TAMPA—The former corporate controller of a company started by the late Ralph Hughes, a prominent Republican power broker, pleaded guilty in federal court Wednesday to embezzling millions from his employer.
Franklin R. Derochemont, 58, who admitted mail fraud and tax evasion, stole more than $5.3 million from Cast-Crete Corporation, a construction products company, between October 2003 and December 2008, according to the government.
He sent checks for phony accounting and sales tax services to an unnamed accomplice, a certified public accountant not employed by Cast-Crete, the government says. The accountant then paid him kickbacks, which Derochemont used for personal purposes, including the payment of credit card bills.
According to the federal complaint, Derochemont did not pay taxes on the embezzled funds between 2006 and 2008.
In 2008, for example, he reported his income as $205,499, paying $52,853 in taxes; in reality, his income was $828,661 and he owed $267,141 in taxes. Over the three-year period, Derochemont received more than $2.4 million in income and ought to have paid taxes totaling more than $775,000.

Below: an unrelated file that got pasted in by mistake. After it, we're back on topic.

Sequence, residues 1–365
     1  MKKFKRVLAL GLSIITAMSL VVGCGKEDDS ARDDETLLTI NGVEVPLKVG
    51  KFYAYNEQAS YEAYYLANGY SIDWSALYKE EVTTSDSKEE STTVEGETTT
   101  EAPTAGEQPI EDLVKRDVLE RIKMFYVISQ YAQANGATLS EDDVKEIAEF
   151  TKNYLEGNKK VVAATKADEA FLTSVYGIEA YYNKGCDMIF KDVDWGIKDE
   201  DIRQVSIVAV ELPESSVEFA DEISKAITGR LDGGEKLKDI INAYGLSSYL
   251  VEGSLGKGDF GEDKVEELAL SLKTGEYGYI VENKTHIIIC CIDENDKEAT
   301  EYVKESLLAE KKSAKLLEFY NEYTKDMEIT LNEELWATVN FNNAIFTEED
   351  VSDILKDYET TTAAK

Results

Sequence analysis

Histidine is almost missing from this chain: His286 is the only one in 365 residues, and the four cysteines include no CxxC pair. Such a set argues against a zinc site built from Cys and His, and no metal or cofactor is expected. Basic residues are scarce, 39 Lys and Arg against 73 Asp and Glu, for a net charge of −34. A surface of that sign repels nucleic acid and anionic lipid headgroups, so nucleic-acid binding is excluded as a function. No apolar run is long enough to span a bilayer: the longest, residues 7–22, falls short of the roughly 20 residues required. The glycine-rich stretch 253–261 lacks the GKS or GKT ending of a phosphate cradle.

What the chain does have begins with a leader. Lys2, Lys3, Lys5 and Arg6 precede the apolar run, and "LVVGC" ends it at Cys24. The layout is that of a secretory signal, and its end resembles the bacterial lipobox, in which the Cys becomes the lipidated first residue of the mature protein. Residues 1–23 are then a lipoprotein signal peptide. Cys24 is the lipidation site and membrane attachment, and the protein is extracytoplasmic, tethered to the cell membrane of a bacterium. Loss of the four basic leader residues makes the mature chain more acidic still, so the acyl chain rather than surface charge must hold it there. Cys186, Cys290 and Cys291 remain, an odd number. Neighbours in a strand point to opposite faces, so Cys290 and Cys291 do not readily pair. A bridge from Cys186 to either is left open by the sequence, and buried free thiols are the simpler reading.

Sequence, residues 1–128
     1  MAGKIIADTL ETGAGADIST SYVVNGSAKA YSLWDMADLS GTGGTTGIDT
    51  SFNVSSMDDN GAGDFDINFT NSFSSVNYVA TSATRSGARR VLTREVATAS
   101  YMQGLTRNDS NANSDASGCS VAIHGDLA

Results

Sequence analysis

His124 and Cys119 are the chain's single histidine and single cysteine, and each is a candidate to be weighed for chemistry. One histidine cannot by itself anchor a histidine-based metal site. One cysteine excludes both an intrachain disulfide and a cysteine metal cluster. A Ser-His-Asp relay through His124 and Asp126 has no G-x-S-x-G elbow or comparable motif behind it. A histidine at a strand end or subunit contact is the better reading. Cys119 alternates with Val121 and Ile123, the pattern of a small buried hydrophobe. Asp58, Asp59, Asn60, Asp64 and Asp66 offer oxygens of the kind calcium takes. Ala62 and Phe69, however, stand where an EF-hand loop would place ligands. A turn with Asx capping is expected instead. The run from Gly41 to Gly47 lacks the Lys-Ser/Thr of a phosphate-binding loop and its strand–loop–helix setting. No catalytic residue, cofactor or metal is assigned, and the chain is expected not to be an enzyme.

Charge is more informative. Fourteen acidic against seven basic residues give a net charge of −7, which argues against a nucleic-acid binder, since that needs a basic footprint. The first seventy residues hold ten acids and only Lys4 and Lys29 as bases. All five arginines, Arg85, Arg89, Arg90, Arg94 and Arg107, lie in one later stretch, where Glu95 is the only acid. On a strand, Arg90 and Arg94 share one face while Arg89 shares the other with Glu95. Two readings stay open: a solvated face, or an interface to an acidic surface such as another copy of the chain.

He began working at Cast-Crete, earlier known as Florida Engineered Construction Products Inc., in 1979 and was discharged this year.
As part of the plea agreement, he agreed to forfeit the money he misappropriated and to cooperate with the government in related investigations.
Last year, the Internal Revenue Service filed claims against the estate of Hughes, an antitax crusader and political campaign financier, alleging that Hughes and Cast-Crete owed $300 million in corporate and income taxes and penalties.
Hughes' company had not filed federal corporate income tax returns or made payments from 2003 to 2007, authorities said.
An advocate of smaller government, Hughes spent hundreds of thousands of dollars supporting conservative causes and backing candidates who shared his views. He died in 2008 at the age of 77.
That same year, Hillsborough County Commissioner Jim Norman suggested naming the Moral Courage Award for Hughes. Critics protested, saying Hughes bought government support for a pro-growth agenda.
In July, after news of Hughes' tax problems broke, his family asked the commission to remove his name from the award.
Derochemont will be sentenced in 30 to 90 days, said Steve Cole, spokesman for the U.S. Attorney's Office. Mail fraud carries a maximum 20-year prison sentence, while the maximum sentence for tax evasion is five years. Each count includes a fine of $250,000.
Nandini Jayakrishna can be reached at (813) 226-3383 or email@example.com.